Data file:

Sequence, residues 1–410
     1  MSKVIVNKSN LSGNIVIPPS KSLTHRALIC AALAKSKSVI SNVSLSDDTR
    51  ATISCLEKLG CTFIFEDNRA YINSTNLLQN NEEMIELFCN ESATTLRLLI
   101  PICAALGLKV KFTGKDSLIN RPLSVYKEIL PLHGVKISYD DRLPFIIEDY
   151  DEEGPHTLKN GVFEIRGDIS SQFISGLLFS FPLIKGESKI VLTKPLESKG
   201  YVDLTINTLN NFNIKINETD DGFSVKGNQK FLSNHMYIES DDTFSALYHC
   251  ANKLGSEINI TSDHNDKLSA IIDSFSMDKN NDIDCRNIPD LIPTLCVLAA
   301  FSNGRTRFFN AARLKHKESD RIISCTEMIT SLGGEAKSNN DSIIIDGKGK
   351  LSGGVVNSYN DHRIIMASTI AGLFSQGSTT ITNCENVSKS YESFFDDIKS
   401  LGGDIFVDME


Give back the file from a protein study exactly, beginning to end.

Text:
Sequence, residues 1–410
     1  MSKVIVNKSN LSGNIVIPPS KSLTHRALIC AALAKSKSVI SNVSLSDDTR
    51  ATISCLEKLG CTFIFEDNRA YINSTNLLQN NEEMIELFCN ESATTLRLLI
   101  PICAALGLKV KFTGKDSLIN RPLSVYKEIL PLHGVKISYD DRLPFIIEDY
   151  DEEGPHTLKN GVFEIRGDIS SQFISGLLFS FPLIKGESKI VLTKPLESKG
   201  YVDLTINTLN NFNIKINETD DGFSVKGNQK FLSNHMYIES DDTFSALYHC
   251  ANKLGSEINI TSDHNDKLSA IIDSFSMDKN NDIDCRNIPD LIPTLCVLAA
   301  FSNGRTRFFN AARLKHKESD RIISCTEMIT SLGGEAKSNN DSIIIDGKGK
   351  LSGGVVNSYN DHRIIMASTI AGLFSQGSTT ITNCENVSKS YESFFDDIKS
   401  LGGDIFVDME